[This is the introduction to SURFER Magazine Volume 60, Issue 2: “The Strange Lines Issue”, on newsstands and available for digital download now. Click here to subscribe.”]
I’m told that space is pretty big. Infinite, in fact. And in all that infinite space, there’s a whole lot of weird shit being discovered more or less all the time. In April of this year alone, scientists snapped the first-ever photograph of a black hole using a method called very-long-baseline interferometry and it looked sort of like an out-of-focus Cheeto; astronomers announced that they may have detected a new planet orbiting around our solar system’s closest neighboring star when they noticed that said star, Proxima Centauri, was experiencing “wobbles” in its orbit caused by the planet’s gravity; and, lastly, an earthquake…err marsquake?…was detected for the very first time by NASA’s InSight lander on the surface of Mars.
And that’s just some of what’s going on in the observable universe, which is likely just the tip of the ol’ cosmic iceberg. Some scientists believe we live in a multiverse (yep, it’s not just the writers of “Rick and Morty” or that new Spider-Man movie), where in the infinite reach of space, an infinite number of universes exist, potentially including an infinite number of Earths and an infinite number of “you” and “me.” If you play out this game of infinite permutations of us, some of them would be experiencing an identical existence to our own while others are experiencing slightly (or hugely) different versions—all of us just cruising the multiverse, living it up and, of course, going surfing.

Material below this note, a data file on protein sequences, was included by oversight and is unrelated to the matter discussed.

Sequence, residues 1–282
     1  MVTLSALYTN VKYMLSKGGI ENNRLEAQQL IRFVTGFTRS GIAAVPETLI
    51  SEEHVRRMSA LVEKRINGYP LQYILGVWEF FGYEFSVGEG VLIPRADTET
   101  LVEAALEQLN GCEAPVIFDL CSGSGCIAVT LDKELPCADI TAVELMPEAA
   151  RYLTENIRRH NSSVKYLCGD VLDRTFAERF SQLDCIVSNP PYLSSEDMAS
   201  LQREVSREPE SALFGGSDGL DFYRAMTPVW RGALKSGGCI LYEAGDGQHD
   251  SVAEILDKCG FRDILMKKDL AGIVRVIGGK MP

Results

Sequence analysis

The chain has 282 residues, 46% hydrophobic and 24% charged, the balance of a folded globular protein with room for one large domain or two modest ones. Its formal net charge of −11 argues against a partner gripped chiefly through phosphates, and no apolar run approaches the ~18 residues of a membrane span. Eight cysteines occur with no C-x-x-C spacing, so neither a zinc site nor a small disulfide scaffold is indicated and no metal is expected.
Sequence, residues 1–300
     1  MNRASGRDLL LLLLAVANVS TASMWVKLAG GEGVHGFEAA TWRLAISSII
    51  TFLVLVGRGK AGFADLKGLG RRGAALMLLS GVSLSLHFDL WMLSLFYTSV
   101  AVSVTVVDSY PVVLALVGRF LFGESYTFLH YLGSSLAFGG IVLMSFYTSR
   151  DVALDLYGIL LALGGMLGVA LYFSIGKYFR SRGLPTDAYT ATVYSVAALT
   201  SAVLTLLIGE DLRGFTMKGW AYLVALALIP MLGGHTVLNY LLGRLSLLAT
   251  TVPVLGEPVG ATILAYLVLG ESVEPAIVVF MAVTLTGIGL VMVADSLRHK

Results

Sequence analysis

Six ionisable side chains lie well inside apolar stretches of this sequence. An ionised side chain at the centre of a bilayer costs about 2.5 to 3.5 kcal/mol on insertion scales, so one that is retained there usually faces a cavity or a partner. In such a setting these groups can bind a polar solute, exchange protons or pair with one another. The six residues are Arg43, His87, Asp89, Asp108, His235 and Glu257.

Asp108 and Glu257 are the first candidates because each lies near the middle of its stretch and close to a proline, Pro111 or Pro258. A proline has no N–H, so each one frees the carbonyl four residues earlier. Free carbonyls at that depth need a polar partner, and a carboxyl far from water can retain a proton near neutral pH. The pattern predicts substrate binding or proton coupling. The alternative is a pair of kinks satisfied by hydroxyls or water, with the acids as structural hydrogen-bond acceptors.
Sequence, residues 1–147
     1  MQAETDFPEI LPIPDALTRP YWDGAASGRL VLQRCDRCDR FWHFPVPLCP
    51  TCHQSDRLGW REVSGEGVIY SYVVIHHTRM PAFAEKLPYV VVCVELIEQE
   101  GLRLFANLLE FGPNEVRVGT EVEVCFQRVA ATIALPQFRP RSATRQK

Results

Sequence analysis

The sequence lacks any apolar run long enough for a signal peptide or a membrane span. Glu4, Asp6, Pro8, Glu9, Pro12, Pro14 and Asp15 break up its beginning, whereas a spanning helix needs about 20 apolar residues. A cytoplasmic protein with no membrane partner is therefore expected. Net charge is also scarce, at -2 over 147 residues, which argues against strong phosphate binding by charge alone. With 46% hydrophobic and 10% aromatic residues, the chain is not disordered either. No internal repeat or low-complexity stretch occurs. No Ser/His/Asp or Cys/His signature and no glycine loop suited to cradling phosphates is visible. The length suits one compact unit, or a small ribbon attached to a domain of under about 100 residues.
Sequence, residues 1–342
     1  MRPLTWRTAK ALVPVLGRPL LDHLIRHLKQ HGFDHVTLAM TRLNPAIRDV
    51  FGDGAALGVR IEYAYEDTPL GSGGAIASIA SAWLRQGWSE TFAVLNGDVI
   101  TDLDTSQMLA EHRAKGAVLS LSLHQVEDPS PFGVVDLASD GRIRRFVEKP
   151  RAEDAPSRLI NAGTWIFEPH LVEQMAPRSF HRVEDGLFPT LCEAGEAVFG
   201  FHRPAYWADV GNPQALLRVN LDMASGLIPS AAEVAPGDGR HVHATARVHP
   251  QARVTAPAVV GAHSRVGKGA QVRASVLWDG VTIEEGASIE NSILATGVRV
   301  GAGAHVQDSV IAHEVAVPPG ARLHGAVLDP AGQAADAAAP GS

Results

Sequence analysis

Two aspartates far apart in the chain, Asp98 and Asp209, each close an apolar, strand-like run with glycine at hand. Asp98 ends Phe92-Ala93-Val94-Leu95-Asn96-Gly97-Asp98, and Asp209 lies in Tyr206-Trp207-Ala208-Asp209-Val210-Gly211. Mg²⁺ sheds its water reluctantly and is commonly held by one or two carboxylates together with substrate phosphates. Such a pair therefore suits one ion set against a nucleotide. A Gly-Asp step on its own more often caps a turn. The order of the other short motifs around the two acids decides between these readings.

If that’s truly the case (I’m just going to assume that it is, since it’s more fun that way and no one can disprove it at present), then you have to wonder about those slightly different versions of Earth. Is there a version in which Simon Anderson lost the first heat at the ’81 Bells event and the twin-fin continued to evolve as the standard bearer of high-performance surfing? Or maybe there’s a version where human evolution included prehensile tails, which are used for better balance amid aerial rotations and vastly-improved tube stalling via tail drags. Or perhaps there’s a version where artificial superintelligence has already usurped humanity and people no longer ride waves at all—that’s a privilege enjoyed by androids and androids alone. What would these alternate-Earth surfers think of our own surfy existence?
This issue is about some of the weirder elements of our surf world, the things that might cause a surf tourist from another universe to raise an eyebrow and say, “Umm…what?” Senior writer Sean Doherty caught up with aerial maestro Chippa Wilson and the highly-irreverent crew behind Drag Board Co. to discuss the bizarrely-entertaining softboard movement gaining momentum in Australia. Managing editor Ashtyn Douglas-Rosa went to a frigid corner of British Colombia to try to understand why we, as a surf culture, have such an obsession with the idea of freezing our asses off in search of perfect waves, when there’s perfectly good surf in easier-to-score (and warmer) locations. She also caught up with members of one of surfing’s strangest subcultures, that of the hardcore local, to learn about how localism tactics have changed in recent years and how they continue to effectively keep outsiders away in spite of the legal and technological forces working against them.
In one universe, surf culture may have evolved to have a deep-seated sense of comradery, mutual respect and love for thy fellow surfer, so traditional localism tactics would seem positively abhorrent to them. Alternatively, there may be a Mad Max version out there somewhere as well, where surfers wear weird leather pants in the lineup and try to skewer each other with appropriately-steampunk harpoon launchers.
One thing is for sure, and that’s that regardless of what we think of ourselves and our surfing here in this particular corner of space, a surfer from a vastly different universe would think that what we’re doing is weird as hell. I don’t know about you, but I find a strange comfort in that.